He actually observed supernova 2005ap there before 2006gy. But only recent follow-up studies that pinpointed distance revealed 2005ap's true power.
"There's no question that [his results] have gotten everybody's attention," J. Craig Wheeler, Quimby's colleague and a supernova expert at the University of Texas at Austin, said in a press release.
On the Hunt
Supernovae are rare events, occurring roughly twice a century in a galaxy like the Milky Way.
Researchers study them for insights into the fates of stars bigger than our sun. The explosions also serve as evidence that the expansion of the universe is accelerating, because the most distant ones appear dimmer than expected.
Supernovae are also the only way elements heavier than iron are seeded throughout the universe and play a vital role in the evolution of galaxies, Quimby said.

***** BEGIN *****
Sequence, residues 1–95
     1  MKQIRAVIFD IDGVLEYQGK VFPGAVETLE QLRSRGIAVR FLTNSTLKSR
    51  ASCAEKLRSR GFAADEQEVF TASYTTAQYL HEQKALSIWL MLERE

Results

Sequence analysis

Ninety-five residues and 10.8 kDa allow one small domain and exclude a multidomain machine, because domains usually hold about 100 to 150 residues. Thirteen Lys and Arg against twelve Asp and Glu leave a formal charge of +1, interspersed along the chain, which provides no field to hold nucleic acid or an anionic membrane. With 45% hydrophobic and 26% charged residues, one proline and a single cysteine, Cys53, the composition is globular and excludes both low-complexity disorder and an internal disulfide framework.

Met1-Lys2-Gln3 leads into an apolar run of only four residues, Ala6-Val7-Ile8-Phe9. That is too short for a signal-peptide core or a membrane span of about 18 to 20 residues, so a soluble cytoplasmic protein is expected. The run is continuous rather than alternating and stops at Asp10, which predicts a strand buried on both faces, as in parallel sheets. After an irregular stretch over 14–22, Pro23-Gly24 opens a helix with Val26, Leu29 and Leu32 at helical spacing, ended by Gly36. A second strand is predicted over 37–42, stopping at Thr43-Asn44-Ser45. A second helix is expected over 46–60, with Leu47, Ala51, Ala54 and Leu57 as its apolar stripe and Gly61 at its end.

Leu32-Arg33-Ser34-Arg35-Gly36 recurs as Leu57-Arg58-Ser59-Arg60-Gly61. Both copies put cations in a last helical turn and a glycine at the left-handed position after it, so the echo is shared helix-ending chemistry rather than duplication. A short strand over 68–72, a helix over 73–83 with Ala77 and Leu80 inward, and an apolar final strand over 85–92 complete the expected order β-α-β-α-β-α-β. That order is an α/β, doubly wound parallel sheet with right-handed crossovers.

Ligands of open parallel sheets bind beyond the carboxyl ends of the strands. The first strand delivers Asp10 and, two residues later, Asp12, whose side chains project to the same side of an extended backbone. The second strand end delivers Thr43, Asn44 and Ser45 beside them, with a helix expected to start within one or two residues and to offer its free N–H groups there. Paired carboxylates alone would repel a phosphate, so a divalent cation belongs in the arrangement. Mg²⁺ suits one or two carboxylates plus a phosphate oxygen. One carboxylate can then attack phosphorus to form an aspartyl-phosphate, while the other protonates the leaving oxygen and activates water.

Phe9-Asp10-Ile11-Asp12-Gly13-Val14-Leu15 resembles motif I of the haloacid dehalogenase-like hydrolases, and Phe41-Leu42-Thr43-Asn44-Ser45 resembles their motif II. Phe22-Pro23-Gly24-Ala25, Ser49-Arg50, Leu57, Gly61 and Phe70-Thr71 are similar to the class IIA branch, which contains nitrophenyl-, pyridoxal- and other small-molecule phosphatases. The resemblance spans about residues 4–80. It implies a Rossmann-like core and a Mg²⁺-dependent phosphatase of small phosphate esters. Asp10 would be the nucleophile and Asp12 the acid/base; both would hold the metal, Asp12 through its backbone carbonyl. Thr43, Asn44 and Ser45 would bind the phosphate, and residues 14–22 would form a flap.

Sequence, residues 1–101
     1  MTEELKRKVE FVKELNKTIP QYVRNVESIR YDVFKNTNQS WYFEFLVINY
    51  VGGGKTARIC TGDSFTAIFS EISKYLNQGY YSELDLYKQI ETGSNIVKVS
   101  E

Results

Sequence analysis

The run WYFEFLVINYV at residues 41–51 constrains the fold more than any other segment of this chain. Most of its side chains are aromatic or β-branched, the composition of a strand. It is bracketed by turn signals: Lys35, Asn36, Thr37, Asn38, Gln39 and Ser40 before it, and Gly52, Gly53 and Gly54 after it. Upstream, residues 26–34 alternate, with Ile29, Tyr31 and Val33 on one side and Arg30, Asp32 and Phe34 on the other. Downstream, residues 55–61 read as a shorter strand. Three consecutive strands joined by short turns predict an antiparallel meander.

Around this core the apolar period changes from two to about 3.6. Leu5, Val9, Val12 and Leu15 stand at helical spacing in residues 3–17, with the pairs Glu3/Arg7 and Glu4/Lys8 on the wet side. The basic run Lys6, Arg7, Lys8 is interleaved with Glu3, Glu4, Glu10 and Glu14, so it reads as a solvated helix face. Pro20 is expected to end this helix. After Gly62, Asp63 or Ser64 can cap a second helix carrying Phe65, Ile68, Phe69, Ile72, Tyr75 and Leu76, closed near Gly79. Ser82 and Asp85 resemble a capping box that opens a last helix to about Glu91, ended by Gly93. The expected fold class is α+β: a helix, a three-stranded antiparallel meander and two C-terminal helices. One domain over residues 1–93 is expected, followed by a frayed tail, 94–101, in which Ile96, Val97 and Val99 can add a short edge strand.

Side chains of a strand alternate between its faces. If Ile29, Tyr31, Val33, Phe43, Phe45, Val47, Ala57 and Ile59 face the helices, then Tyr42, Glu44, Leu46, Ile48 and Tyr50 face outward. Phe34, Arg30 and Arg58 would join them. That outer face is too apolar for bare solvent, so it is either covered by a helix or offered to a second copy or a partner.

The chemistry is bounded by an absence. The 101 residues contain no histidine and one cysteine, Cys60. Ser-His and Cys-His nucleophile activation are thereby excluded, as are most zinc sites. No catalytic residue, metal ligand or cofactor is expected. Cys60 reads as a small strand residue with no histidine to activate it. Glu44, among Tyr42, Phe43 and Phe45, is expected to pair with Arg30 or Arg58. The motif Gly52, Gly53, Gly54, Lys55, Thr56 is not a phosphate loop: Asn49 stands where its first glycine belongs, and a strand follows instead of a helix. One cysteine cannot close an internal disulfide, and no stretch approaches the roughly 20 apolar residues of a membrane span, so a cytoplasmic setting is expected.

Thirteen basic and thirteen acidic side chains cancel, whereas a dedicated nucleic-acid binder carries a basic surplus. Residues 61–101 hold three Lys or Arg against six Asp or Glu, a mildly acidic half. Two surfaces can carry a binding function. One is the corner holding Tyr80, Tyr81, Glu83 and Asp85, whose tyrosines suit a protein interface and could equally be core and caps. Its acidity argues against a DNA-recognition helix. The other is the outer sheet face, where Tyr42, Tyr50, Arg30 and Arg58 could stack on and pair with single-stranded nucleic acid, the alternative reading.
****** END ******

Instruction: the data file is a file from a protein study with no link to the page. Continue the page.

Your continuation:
"Plus, they're huge explosions, and that's just cool," he said.
Despite their massive size and power, however, finding supernovae amidst the glare of other cosmic objects isn't easy.
Galaxies get much brighter toward their cores, which can wash out the contrast of a new supernova, Quimby said.
The University of California's Lick Observatory Supernova Search actually studied the area containing 2006gy before him, Quimby said, but missed it because they couldn't distinguish the explosion from its galaxy's brilliant core.
Quimby said part of his supernova-hunting success is his technique. He checks dwarf galaxies as well as galaxies with active black holes at their centers, which other studies avoid, raising the possibility of discovering new types of supernovae previously overlooked.
2006gy, for example, was found in the core of a galaxy with a weak central black hole.
"I've worked too damn hard for this to be luck," he said.
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